FIG. 3A is a side view of one exemplary embodiment of an intramedullary rod.

FIG. 3B is a top view of intramedullary rod of FIG. 3A.

FIG. 4A is a front view of intramedullary rod of FIG. 3A.

FIG. 4B is a rear view of intramedullary rod of FIG. 3A.

FIG. 5 is a side view of intramedullary rod of FIG. 3A partially in cross-section near a proximal end.

FIG. 6 is a cross-sectional top view of intramedullary rod of FIG. 3A illustrating the internal structure of the rod.

FIG. 7 is a perspective view of a drilling assembly.

FIG. 8 is a perspective view of a distal end of the drilling assembly of FIG. 7 illustrating a hook member extending therefrom.

FIG. 9 is a perspective view of the distal end of the drilling assembly of FIG. 7, and further including an extending drill cable.

FIG. 10 is a top view of a drill motor assembly.

FIG. 11A is a perspective view of a rod interface assembly.

FIG. 11B is an enlarged perspective view of a portion of the rod interface assembly illustrating a screw hole locating means.

FIG. 11C is a side view of an embodiment portion of the rod interface assembly illustrating a screw hole locating means.

FIG. 12 is a side view of one exemplary embodiment of a step pin in accordance with the invention.

FIG. 13A is a side view of a first alternative embodiment of a step pin in accordance with the invention.

FIG. 13B is a distal end view of the step pin of FIG. 13A.

FIG. 13C is a proximal end view of the step pin of FIG. 13A.

FIG. 14 is a side view of a second alternative embodiment of a step pin in accordance with the invention.

FIGS. 15-23 illustrate the system in accordance with the invention utilized for an exemplary bone drilling operation for placement of an intramedullary rod in a long bone.

DETAILED DESCRIPTION

FIG. 1 is a cross-sectional view illustrating two portions of a broken femur 100. While the break is generally illustrated as a clean fracture of the bone into two portions, it is possible that the femur could instead be fractured into a number of smaller bone fragments or damaged in some other way. Thus, it should be understood that the devices and methods described herein for two bone pieces can also apply to three or more bone pieces or fragments or even a cracked bone that has not separated into multiple pieces. The femur 100 includes cancellous tissue 104 and an intramedullary cavity 102 that extends along a portion of the length of the femur 100 within the tissue 104. The intramedullary cavity 102 is a generally open area in the femur that is filled or partially filled with bone marrow. In order to prepare a bone such as the femur 100 for insertion of an intramedullary rod therein, the intramedullary cavity 102 can be aspirated and/or lavaged to remove some or all of the marrow and/or loose materials. Optionally, the intramedullary cavity may be reamed to provide a more uniform canal for nail insertion, while also allowing a slightly larger diameter nail to be inserted, thereby providing greater mechanical strength to the system.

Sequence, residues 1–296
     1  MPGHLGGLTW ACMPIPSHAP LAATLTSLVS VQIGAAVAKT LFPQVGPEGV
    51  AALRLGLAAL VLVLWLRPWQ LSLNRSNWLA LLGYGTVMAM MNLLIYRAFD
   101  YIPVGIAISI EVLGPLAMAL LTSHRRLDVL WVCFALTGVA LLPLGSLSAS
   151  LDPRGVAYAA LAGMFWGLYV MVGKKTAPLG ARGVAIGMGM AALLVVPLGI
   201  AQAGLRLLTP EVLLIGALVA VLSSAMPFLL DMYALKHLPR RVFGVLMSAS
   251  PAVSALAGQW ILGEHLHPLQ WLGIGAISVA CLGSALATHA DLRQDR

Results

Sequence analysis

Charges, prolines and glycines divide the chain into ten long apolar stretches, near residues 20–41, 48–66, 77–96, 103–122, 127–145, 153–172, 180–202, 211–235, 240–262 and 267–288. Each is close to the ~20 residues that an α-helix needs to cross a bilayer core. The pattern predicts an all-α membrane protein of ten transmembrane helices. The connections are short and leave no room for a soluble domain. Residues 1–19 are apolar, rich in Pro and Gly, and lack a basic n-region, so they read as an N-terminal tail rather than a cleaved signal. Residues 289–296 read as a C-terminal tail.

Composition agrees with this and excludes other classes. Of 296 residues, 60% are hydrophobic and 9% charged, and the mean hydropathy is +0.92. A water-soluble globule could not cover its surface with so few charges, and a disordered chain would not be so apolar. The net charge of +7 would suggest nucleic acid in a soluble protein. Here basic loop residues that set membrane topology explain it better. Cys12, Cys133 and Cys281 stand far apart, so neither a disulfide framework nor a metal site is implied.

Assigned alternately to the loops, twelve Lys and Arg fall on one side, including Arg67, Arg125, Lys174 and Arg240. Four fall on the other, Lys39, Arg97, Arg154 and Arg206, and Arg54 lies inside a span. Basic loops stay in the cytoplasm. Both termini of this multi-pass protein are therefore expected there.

FIG. 2 illustrates the femur 100 with its two fractured portions aligned and brought into contact with each other, and an exemplary intramedullary rod 106 inserted within the intramedullary cavity 102. Intramedullary rod 106 includes a bore or channel that runs generally from a proximal end 120 to a distal end 122 of the rod 106. In order to access the intramedullary cavity 102, a hole may be drilled or reamed in the proximal end 108 of the femur 100, through the cortical and cancellous regions and into the proximal portion of the intramedullary canal. Intramedullary rod 106 can then be inserted into the bone through this hole and pushed or hammered downward through the intramedullary cavity 102 toward the distal end 110 of the femur 100. Intramedullary rod 106 can continue to be tamped or pressed downwardly until the distal end 122 of the rod 106 is in its desired position relative to the distal end 110 of the femur 100 and the proximal end 120 of the rod 106 is in its desired position relative to the proximal end 108 of the femur 100.

The above discussion of the insertion of an intramedullary rod into a long bone, such as a femur, is intended as one exemplary procedure for such a rod implantation. A number of alternative procedures can be used as will be appreciated by those of ordinary skill in the art, along with a number of alterative intramedullary rod designs. However, intramedullary rods will generally include a central opening at the proximal end, a bore or channel through the center that runs along at least a portion of the length of the rod, and at least one distal hole spaced from the proximal end, such as near the distal end of the rod. It may also be desirable that intramedullary rod includes at least one proximal screw hole near the proximal end. In such embodiments, it may be further desirable that the proximal and distal holes are spaced from each other by a distance that allows the rod 106 to be sufficiently fixed to the multiple bone segments being repaired.